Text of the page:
Some recent disappointments
Iíll have to admit that Iíve had trouble deciding what to ponder this week. Weíre sort of in a lull right now with not much going on locally. Maybe itís a post-Memorial Day malaise. Iím sure it will pick up speed as we move on through the lazy days of summer, and weíll have a week where there is too much to write about, but that is not this week.
So, I thought Iíd write about recent disappointments. There have been a few of those lately, and I might as well get them off my chest.
Let me begin with my disappointment in the Comey hearing on Capitol Hill. Man that was let down. It was built up as the best thing since Watergate. Iím old enough to remember the day after day cancellation of ďGeneral HospitalĒ and ďThe Young and the RestlessĒ for those hearings. They made household names out of folks like Sam Irvin, Howard Baker and John Dean. I read that 319 hearings were telecast over the major networks (no CNN or Fox in those days) and 85 percent of Americans watched at least some portion of them.
Now that was a party! There was nothing like that Thursday. Oh the media wanted that so bad. Alas, it was only a man who appeared a bit on the whiny side calling the president a liar. That really is no worse that presidents get called every day. There were no major breathtaking headlines coming out of the hearing. President Trump came out of it looking no worse than some find him already, and Comey shared nothing that appeared criminal.
I did decide during the hearing I know why Democrats wanted Comey fired last fall and Republicans this spring. Iím glad heís gone and maybe after a few more days of the news cycle, we will no longer hear from him. But I said that last November about Hillary, and sheís not gone yet so . . . stay tuned I guess.
At any rate, the Comey hearing was a disappointment Ė Watergate is still the undisputed king.
My second disappointment would be that impatient and may I write ďidiotĒ (I donít use that word lightly) drivers are going to cause the Street Department to close off streets and intersections while road work is going on. At the City Council meeting Tuesday I was appalled when Street Commissioner Randy Carter reported that some crazy drivers were going through the one lane open at Ninth and S. Jackson at 30 to 35 mph. One driver apparently was so wild he wound up in somebodyís yard. All that while a crew was working at that intersection.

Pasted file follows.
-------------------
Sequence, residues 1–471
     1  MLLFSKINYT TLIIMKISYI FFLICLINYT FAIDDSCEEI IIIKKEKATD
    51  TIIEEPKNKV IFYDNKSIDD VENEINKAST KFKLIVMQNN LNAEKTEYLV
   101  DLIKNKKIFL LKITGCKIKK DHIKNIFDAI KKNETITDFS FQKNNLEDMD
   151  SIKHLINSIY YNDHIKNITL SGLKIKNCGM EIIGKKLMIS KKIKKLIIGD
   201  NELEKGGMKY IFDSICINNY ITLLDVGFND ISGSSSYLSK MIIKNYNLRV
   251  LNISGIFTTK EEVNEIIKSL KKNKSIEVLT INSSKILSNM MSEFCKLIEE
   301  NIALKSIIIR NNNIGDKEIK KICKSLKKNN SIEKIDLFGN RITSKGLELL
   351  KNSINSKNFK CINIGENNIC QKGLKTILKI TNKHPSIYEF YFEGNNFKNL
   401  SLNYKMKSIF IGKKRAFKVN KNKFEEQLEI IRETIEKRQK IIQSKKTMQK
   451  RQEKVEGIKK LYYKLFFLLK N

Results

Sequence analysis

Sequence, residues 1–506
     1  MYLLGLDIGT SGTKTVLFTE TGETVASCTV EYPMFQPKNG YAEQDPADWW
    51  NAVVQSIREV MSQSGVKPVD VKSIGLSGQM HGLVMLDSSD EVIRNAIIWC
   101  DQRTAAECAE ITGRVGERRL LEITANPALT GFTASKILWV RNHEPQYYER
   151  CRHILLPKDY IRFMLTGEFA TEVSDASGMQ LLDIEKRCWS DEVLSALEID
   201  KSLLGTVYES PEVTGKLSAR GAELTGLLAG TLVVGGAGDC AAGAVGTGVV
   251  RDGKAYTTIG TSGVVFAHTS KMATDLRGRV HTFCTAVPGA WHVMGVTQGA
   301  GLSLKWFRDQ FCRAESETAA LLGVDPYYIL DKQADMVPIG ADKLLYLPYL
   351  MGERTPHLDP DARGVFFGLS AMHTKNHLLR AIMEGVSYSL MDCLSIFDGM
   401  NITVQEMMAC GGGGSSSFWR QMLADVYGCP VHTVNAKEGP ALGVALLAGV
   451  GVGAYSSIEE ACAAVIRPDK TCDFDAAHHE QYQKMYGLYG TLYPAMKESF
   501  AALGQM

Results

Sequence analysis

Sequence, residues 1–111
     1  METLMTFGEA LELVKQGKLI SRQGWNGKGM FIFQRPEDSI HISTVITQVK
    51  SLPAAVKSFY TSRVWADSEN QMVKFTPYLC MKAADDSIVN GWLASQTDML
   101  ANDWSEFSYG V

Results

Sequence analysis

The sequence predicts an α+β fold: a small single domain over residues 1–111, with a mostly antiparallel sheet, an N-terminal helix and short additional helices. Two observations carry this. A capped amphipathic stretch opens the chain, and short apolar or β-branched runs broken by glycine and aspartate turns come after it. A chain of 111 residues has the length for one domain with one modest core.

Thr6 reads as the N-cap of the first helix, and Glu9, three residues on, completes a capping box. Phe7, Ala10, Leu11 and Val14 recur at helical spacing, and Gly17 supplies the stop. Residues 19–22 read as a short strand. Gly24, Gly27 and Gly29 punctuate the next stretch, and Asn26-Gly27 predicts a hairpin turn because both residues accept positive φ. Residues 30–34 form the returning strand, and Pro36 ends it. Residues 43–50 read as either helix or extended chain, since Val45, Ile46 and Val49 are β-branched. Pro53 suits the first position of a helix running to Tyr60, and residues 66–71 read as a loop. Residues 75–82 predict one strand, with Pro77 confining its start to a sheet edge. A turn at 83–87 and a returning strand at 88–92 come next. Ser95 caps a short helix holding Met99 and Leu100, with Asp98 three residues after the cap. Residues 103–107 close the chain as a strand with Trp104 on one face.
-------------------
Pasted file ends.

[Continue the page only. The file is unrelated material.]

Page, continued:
Because of the few, when work is done elsewhere, they will close the entire intersection instead of trying to leave one lane open. I donít blame them for closing the intersections. Road crews must be allowed to go home to their families safe and sound after doing a job here. They always tried to leave a lane open because, as Carter said, they want to limit our inconvenience. But as usual, a few screw things up for the majority.
We had people driving through wet concrete when the work on First Street and the South By-Pass was going on. Now people driving through an intersection 30 to 35 mph.
There is nowhere in Kennett, Missouri that you canít get to in just a few minutes, even if you have to slow down or even stop for road work? Where are you going in Kennett, Missouri that you need to get to so quickly that you endanger road crews?
Hey crazy driver Ė can you just slow down? Can you keep others in mind for just once in your life? Can you think of someone other than yourself for just a second?
Whew! I feel better now.
One more Ė Yes Iím bitterly disappointed in our Redbirds. Going 0-7 on the road this past week was bad enough, but do we have to make a name of Scooter Gennett? Did we have to make him Babe Ruth for a day? Hey Matheny Ė canít you just walk him that last time up? Doesnít something have to happen when our guys make Scooter Gennett the lead story on SportsCenter?
Thereís still plenty of baseball season left, of course, but itís not fun being a Cardinal fan right now. The best thing about all this, if there is a best thing, is the Cubs ainít that great either. They proved they were better than we are last week, but can they brag a lot about that?
Until next week . . .